After an extended stay in customs, my Little Monica Little Enrill has arrived, and there are no words to express how beautiful he is -- and how sad too. I don't know if it just wasn't noticeable on the promo faceups or if it's just mine, but he looks on the verge of tears. I think it just made me fall in love with him more.
I was absolutely paranoid that the extended stay meant he'd arrive damaged (or not at all, given how much of my post has vanished into the 'ether' -- i.e. someone's pockets) and as the box he arrived in was so light, I was almost worried someone had had the bottom of the box open and spirited him away, but he is actually just that light.
His packing was quite odd -- he feels like he was held in place by the other things I ordered him with, but he was wrapped so securely in bubble-wrap that I don't think he was in any danger.
He also came with pretty promo pictures of other Little Monica dolls, little leaflets about where to find them on the internet and their photo competitions, his CoA, a set of eyes and some nicely pink eye putty, and, very sweetly, two Korean candies (plum and orange flavour).
I ordered him with two wigs, one long blond (since his promo images had a short blond wig I knew the colour suited him) and one short bright red one. He's pretty much claimed the blond one for himself -- although he does also look good in a mid-length brown wig I bought for someone else and it didn't suit, so I think he might just enjoy changing his hair a lot.
The eyes were a surprise. I was expecting the usual generic hazel-ish kind (I have about three pairs of those) but instead they're a very pretty shade of purple and suit him immensely. I'd anticipated putting the eyes into the spares drawer and ordering a set from Candy Kittens Emporium, but now I'm in two minds. Still, there's another one still to come, so I'll still probably need to pay her a visit for pretty eyes...!
As far as his structure goes, he's nicely made. His arms and legs are quite thick, and some seams have been sanded, while others haven't. I suspect it's the seams most likely to see the light of day that've been removed entirely: on his arms, for example, and the outside of his lower legs. Ones that get covered by his clothes have been sanded so they're not sharp, but not eradicated. His white resin (I'm so glad I asked them to change it, and that they were kind enough to agree!) is slightly pinkish, as opposed to the slight yellowish of Subject's Dollzone body. He poses quite nicely too: his elbows are double-jointed, though superficially they don't look it. His knees are single-jointed, but he does have a thigh joint that lets him pull his thighs up fairly high and has a two-part torso that bends quite naturally forwards.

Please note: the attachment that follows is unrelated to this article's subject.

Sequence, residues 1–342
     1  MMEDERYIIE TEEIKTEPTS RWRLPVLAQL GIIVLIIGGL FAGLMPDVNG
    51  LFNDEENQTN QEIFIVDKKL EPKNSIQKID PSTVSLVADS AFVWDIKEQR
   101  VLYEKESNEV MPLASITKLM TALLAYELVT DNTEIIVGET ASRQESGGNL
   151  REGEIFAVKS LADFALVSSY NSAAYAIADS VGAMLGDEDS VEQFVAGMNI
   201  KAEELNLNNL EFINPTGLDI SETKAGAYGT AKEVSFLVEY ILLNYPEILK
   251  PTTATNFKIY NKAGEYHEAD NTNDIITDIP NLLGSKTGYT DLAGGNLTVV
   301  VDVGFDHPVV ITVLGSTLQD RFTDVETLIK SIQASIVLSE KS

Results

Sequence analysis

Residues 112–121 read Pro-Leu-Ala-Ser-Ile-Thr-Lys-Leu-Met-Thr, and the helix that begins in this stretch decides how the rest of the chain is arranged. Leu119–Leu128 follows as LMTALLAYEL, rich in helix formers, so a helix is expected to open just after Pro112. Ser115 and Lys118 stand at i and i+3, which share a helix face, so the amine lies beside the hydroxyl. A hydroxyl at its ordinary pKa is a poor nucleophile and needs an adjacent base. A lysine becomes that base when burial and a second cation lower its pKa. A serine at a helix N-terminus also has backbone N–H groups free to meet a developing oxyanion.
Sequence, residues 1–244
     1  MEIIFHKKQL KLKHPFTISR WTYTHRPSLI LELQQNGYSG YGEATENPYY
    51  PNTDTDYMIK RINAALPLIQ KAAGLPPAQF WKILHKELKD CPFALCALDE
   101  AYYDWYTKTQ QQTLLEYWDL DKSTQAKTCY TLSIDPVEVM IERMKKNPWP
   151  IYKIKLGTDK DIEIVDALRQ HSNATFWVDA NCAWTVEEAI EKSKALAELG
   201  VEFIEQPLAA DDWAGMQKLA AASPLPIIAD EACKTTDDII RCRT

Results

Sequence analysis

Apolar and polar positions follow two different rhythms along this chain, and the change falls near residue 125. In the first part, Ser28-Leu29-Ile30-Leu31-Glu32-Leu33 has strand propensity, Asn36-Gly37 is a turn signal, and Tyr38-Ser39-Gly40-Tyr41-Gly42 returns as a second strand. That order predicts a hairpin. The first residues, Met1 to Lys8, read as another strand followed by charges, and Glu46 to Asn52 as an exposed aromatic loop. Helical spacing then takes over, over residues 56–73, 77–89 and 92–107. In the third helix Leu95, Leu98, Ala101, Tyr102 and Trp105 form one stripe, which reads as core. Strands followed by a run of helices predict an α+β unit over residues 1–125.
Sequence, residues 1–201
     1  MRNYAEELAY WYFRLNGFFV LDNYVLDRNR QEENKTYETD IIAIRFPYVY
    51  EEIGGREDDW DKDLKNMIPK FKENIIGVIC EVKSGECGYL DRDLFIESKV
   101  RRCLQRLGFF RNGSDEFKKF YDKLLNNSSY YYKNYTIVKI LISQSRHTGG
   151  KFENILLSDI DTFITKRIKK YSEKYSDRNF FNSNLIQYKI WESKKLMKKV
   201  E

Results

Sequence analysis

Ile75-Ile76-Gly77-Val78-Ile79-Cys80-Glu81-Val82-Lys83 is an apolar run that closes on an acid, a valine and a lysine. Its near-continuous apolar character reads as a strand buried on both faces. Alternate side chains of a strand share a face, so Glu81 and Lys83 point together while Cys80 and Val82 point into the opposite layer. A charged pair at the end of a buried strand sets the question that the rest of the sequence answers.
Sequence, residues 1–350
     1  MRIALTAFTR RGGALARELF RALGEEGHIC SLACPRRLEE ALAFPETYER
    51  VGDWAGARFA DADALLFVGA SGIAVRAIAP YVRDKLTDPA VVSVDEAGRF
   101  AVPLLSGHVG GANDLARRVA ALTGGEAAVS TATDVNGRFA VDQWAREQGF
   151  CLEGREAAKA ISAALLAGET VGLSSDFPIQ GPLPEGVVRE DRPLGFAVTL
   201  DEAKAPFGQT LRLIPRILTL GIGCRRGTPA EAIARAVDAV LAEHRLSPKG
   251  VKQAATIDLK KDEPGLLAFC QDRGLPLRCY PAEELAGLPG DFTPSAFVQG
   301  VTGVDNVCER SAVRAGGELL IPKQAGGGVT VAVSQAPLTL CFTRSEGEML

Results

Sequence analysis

I did, however, suddenly realise a couple of awkward things: one, I still have no idea who he is, and two, that... I don't actually have that many MSD-sized clothes, and I couldn't find any to hand. I scrabbled around a bit and managed to find a cream shirt with an oversized collar I don't tend to use (the collar is very disproportionate, it really gives away a doll's scale) and a pair of pleather pants I bought for Maxim and Milos only Milos is in an undecorated pair and Maxim has in his galaxy jeans so neither have used them.
We've made inroads on both points though. Point two has been partially rectified by a visit to Alice's Collections for some more clothes and boots (and there are some coming with Doll Leaves Berg) so hopefully the shorter kiddos won't be left out of the excessive amounts of clothing loop the bigger boys are in for long.
Point one... well. When he shipped (before I realised he'd shipped) I suddenly had a little voice in my head announcing that he was a prince, thank you very much. Which was a bit weird, but given the whole writing thing I'm fairly used to it. Beyond that, though, I was at a loss. When he arrived, I was still at a loss.
And then, when playing with his joints (which sounds so wrong) I sat him with his knees up and his arms around them, and with how sad he looked in just his shirt and nothing else, I suddenly started to understand him a little. Because for all the world he looked like he'd just been chucked out of someone's house half-dressed, and was sitting outside the front door, pants in a heap beside him, going "that could have gone better..."
So it seems he's the youngest prince of several in a faintly steampunk-fantasy world, who likes to wander around the city pretending not to be a prince and picking up guys for no-strings casual sex. Except it seems they usually find out (I wonder why?) and either try to extort money from him (so he leaves, probably laughing because I suspect he's broke) or they kick him out rather than run into trouble.
Hence the sitting there, naked but for an open shirt and a faintly depressed expression. And as he's sitting there, looking for all the world like he's fighting back tears, a hand reaches down and he follows its arm up to a smiling face and the question, "are you alright?"
And as an aside... Doll Leaves Berg shipped today! So hopefully this little princeling won't be alone for too long.
(Also known as an unexpected Humbrol Acrylic Varnish product review)
Milos's sleeping faceup was the first one I ever did, which in itself was a daunting prospect, but sealing such an obscurely-coloured resin? Without it lightening?
While researching sealants I heard quietly positive things about Humbrol's Acrylic Varnish, and it's pretty affordable for a small can, so I decided to risk it and although it did lighten the resin a little, it wasn't as bad as I feared. It has excellent tooth too, so it's nice for laying colours down on with pastel, and it's not glossy in the slightest.
It turns out, however, that it has an interesting feature: it's bloody hard as nails.